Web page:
What is Workflow History?
Workflow history in SharePoint is simply a hidden list which contains all of the history and logging from the workflows used within the site. This workflow history list contains the history information including several GUIDs that are used to tie the history item back to the workflow from which it came from.
If your site is running at least one workflow, you should be able to access the workflow history list by using the following URL: http://yoursite/Lists/Workflow%20History/
Why is the Workflow History list in SharePoint practically unreadable?
The reason the workflow history list is practically unreadable is because it is not meant to be read by humans directly. The intended purpose is to store the history during the life cycle of that workflow.
Why is the workflow history deleted?
Technically, the workflow history is not deleted. The association between the workflow (what you see on the workflow status page) and the history list is removed. This is done for performance reasons. Once a workflow is completed, by default the connection between the workflow and the workflow history is deleted after 60 days.
Can I disable the deletion of workflow history?
Yes, although it is not recommended. You can disable the “Workflow Auto Cleanup” timer job if you wish to keep the workflow data. You can read more about that here.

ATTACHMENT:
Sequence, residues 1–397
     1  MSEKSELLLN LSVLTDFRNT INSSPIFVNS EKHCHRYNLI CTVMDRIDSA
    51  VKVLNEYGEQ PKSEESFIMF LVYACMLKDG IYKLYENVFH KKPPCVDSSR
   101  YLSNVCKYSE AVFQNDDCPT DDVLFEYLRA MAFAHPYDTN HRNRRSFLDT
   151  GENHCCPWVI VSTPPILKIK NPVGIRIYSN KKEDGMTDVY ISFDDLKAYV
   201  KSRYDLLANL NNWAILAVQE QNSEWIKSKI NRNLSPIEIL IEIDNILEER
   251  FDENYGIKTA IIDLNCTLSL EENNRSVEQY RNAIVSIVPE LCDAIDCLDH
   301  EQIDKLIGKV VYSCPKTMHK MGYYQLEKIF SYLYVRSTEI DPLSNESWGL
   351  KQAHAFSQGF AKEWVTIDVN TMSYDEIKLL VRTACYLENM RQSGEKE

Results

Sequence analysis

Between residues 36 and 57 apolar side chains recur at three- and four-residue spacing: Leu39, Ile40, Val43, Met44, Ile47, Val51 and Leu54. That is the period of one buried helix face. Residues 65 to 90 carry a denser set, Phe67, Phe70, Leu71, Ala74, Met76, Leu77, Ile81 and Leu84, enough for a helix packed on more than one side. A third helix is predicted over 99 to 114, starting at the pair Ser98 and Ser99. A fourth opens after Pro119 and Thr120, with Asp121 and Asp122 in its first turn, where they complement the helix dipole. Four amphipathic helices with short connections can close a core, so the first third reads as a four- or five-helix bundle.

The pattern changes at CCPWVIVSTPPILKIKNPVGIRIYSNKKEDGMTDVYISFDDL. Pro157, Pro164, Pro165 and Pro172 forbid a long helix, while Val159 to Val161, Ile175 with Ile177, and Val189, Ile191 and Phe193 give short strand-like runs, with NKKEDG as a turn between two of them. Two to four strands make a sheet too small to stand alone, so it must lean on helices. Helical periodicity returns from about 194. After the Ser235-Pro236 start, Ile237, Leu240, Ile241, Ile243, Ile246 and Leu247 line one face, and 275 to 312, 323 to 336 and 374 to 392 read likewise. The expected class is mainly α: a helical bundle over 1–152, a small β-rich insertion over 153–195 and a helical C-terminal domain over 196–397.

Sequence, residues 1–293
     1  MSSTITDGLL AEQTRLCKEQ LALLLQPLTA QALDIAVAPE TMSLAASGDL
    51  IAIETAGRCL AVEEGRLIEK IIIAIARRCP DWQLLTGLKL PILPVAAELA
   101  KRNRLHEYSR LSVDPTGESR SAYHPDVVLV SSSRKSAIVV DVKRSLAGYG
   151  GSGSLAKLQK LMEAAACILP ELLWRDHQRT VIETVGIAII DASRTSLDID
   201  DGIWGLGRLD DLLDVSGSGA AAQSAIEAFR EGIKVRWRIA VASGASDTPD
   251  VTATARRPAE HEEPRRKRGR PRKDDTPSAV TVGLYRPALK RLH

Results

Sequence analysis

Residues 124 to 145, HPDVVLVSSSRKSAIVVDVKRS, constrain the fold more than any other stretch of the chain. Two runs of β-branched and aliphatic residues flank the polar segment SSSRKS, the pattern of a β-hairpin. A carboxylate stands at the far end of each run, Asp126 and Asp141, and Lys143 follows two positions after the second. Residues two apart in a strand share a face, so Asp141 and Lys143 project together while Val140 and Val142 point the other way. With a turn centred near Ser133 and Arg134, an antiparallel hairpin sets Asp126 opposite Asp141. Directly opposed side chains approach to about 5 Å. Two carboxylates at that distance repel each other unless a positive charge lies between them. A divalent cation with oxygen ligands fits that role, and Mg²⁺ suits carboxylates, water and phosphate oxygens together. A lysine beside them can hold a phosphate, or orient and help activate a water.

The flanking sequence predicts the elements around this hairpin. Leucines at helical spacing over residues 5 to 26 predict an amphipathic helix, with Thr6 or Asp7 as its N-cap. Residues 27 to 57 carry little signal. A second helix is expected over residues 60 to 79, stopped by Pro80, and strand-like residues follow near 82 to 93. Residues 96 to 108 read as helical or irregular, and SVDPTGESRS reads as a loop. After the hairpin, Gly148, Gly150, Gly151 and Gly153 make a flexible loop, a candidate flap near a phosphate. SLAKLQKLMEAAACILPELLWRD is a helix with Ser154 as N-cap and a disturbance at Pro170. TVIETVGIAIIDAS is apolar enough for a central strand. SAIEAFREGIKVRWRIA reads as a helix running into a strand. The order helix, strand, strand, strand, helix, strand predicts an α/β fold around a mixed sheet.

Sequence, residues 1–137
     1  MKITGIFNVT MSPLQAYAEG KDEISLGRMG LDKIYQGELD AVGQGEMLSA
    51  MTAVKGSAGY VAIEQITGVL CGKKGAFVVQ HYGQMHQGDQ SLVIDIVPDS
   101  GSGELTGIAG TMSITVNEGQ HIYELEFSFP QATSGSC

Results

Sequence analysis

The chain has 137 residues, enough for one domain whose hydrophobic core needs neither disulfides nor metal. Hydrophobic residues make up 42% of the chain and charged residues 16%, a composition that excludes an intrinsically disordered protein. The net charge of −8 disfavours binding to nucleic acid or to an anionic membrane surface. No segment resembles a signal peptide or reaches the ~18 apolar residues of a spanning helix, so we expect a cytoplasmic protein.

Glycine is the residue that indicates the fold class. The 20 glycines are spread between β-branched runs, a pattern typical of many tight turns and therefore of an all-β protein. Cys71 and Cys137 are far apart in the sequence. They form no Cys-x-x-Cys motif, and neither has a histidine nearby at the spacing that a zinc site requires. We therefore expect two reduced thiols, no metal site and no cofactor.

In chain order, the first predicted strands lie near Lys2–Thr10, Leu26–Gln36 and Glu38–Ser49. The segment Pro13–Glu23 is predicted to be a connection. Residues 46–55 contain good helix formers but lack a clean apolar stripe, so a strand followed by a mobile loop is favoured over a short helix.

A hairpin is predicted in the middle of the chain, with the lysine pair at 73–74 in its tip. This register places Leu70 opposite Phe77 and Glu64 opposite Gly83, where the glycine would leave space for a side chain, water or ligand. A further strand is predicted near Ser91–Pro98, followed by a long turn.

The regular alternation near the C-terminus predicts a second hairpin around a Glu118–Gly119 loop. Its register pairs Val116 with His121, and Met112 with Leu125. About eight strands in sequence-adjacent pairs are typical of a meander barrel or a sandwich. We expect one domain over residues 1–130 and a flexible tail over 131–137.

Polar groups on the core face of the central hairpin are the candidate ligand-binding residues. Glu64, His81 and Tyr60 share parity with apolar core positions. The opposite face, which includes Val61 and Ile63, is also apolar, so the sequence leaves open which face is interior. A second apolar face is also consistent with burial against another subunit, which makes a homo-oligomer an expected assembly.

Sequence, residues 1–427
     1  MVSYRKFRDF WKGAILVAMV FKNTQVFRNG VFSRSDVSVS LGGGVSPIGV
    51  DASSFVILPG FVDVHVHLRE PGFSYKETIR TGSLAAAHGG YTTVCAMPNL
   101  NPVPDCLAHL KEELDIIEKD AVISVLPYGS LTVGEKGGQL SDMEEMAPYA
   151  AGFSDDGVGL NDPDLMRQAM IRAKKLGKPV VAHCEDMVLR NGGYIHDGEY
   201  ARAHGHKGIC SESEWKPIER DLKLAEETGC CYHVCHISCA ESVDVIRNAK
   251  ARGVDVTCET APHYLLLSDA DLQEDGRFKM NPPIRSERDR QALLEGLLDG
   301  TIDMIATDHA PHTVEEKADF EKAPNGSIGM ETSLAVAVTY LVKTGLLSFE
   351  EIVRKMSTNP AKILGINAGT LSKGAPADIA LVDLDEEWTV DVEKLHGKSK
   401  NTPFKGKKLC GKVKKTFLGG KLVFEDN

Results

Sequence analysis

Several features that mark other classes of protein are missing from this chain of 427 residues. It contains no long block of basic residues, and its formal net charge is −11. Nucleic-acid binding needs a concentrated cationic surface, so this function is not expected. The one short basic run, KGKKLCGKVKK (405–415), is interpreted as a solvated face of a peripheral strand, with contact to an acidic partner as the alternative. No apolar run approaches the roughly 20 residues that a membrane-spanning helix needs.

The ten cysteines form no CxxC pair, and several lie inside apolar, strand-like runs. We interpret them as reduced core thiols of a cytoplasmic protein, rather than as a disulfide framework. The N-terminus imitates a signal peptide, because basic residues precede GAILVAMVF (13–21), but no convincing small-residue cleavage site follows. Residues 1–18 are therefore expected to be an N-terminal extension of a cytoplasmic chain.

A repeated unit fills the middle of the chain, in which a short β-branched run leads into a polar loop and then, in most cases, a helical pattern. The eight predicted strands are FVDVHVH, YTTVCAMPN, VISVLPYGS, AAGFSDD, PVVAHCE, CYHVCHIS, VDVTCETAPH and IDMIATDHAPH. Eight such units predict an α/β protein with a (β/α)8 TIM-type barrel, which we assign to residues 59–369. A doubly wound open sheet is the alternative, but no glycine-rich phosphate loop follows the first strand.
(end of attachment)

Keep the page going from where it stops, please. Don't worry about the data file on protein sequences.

What can I do to help control a massive workflow history list?
When you associate a workflow with a list or library in SharePoint you are asked where you wish to store the Tasks and Workflow History for that workflow. It is common to just accept the defaults and use the same task list and history list for all workflows on a site, however if you have a particular workflow that will have a lot of workflow history, you can simply tell SharePoint to create a separate Workflow History list for this workflow association. This should help balance the load across multiple lists.
What if I want to use the workflow history for auditing?
Microsoft never intended for the workflow history to be used for auditing. One of the reasons is due to security. A savvy user could intentionally or unintentionally make changes to the workflow history since it is a simple list. Changing the security of the Workflow History list can have undesired consequences. The “Best Practice” approach for auditing workflow history would be to use the SharePoint auditing functionality.
How do I use the SharePoint auditing functionality to audit my workflows?
Unfortunately, this auditing report is not available out of the box. However, a custom audit report can be created in Visual Studio in order to extend the auditing functionality to include workflows.